Grass composition changes over the different seasons. Also, types of grasses and plants change. In spring and summer, meadows 'come back to life' when lush fresh grasses and plants populate the field. As temperatures drop and days shorten during autumn and winter, grasses that are able to cope with these circumstances best will remain. The grasses also change themselves; they become more fibrous and contain less energy. These changes happen gradually in meadows, which allows your horse's digestive system to adapt to these changes. When stabling horses, especially sensitive horses, a few measures should be taken into consideration to make the transition from meadow to stable and vice versa as smooth a transition as possible for your horse.
Introduce your horse to his new diet. If your horse moves from the meadow to the stable, start by reducing meadow size and supplement with the roughage you will feed when the horse will be stabled. If moving from stable to meadow, start by introducing your horse into a small meadow and supplement with the roughage you have fed when your horse was stabled.
Make changes in your horse's diet gradual. Allow your horse three weeks to adapt to a new diet. This means that, optimally, you start three weeks before you want your horse to be stabled or in the meadow full time. Over three weeks, every day a little of the 'old' diet is replaced with a little of the 'new' diet. Therefore, after 1.5 weeks, half of the diet should consist of the 'old' diet and the other half of the 'new' diet. This can preferably be done by providing roughage in a meadow that does not contain enough grass and as a result the horse eats of both roughages throughout the day. Another option is to gradually change the amount of time your horse is in the stable/meadow. The latter option, however, is less smooth a transition - it is a complete diet-shift, but a gradual increase of the amount of time spent on the diet.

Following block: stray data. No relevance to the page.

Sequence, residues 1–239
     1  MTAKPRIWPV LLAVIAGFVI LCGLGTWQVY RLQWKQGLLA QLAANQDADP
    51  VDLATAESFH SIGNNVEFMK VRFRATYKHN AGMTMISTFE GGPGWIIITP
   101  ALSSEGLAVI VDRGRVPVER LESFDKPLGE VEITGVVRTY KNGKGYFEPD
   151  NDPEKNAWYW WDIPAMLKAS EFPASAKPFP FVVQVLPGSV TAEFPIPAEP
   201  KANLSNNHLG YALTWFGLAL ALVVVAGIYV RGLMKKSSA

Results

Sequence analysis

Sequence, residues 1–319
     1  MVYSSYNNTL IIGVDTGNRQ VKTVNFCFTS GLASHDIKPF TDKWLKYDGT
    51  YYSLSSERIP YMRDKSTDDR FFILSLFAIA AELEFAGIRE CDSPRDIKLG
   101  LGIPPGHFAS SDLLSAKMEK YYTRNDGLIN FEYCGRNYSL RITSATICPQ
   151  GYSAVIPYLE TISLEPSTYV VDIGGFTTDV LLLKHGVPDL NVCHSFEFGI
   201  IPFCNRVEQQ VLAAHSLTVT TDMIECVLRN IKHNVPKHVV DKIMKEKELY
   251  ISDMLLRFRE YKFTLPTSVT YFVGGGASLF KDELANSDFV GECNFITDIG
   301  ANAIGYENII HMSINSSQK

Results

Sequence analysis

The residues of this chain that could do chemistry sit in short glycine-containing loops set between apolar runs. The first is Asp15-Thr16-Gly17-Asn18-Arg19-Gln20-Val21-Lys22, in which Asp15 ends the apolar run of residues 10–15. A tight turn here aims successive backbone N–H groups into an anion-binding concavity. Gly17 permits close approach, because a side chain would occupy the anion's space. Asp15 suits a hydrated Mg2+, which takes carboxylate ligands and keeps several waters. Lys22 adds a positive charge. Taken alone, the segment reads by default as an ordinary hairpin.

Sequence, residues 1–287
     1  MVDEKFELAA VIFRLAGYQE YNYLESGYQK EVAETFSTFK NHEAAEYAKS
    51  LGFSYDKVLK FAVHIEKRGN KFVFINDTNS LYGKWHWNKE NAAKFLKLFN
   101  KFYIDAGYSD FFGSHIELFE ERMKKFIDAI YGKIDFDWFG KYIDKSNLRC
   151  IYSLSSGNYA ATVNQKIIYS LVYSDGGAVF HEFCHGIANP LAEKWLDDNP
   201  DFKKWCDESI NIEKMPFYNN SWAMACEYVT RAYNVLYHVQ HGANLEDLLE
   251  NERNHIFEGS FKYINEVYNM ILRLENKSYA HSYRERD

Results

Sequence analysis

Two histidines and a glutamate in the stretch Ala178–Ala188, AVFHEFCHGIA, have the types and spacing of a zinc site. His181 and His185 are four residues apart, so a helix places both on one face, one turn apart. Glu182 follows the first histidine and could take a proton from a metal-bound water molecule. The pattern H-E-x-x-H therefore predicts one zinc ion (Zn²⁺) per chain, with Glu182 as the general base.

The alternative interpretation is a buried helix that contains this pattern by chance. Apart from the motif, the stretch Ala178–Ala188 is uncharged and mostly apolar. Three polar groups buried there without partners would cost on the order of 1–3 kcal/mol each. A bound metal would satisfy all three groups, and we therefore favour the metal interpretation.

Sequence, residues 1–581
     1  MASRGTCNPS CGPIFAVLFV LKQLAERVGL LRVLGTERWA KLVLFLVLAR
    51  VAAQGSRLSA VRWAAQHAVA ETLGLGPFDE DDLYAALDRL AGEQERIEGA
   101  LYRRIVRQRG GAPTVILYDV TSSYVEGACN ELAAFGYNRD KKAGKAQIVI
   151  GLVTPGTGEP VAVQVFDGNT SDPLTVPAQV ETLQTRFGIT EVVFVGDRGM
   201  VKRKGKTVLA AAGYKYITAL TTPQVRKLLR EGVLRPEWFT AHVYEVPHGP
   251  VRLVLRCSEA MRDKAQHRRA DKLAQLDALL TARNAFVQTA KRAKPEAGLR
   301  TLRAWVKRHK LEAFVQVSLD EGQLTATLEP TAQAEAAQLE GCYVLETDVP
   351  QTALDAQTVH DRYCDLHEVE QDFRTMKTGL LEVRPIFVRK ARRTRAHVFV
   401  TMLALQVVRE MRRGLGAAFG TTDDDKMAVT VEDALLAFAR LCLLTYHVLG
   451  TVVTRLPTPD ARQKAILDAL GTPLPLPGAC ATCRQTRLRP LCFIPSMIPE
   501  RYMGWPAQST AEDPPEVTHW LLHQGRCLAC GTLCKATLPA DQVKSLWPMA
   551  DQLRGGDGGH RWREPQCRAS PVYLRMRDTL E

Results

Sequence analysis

Diet is one of the factors determining type and quantity of bacteria in the gut. This goes for both human beings and horses. An abrupt change in diet can therefore result in a disturbance of the bacterial flora in the gut. Certain bacterial species will suddenly grow whereas great numbers of other species might die. Death of many bacteria at once can result in severe health problems such as colic and laminitis.
An experiment performed in France studied the effect of abrupt roughage change on type and quantity of bacteria in the gut of horses. The types of roughages studied were hay, haylage and silage and all types were harvested on the same day from the same swath. Horses were fed on hay and abruptly changed to either haylage or silage. Results showed that there was no major abrupt (within 28 hours) impact on gut bacteria, but bacterial species and numbers did change in the weeks after (up to 21 days). These results suggest that when horses are fed at maintenance level (so not sports horses), a sudden change from hay to either haylage or silage does not a have major sudden impact on the bacterial flora of the horse gut. Caution should be taken with roughages harvested from different locations or on different dates.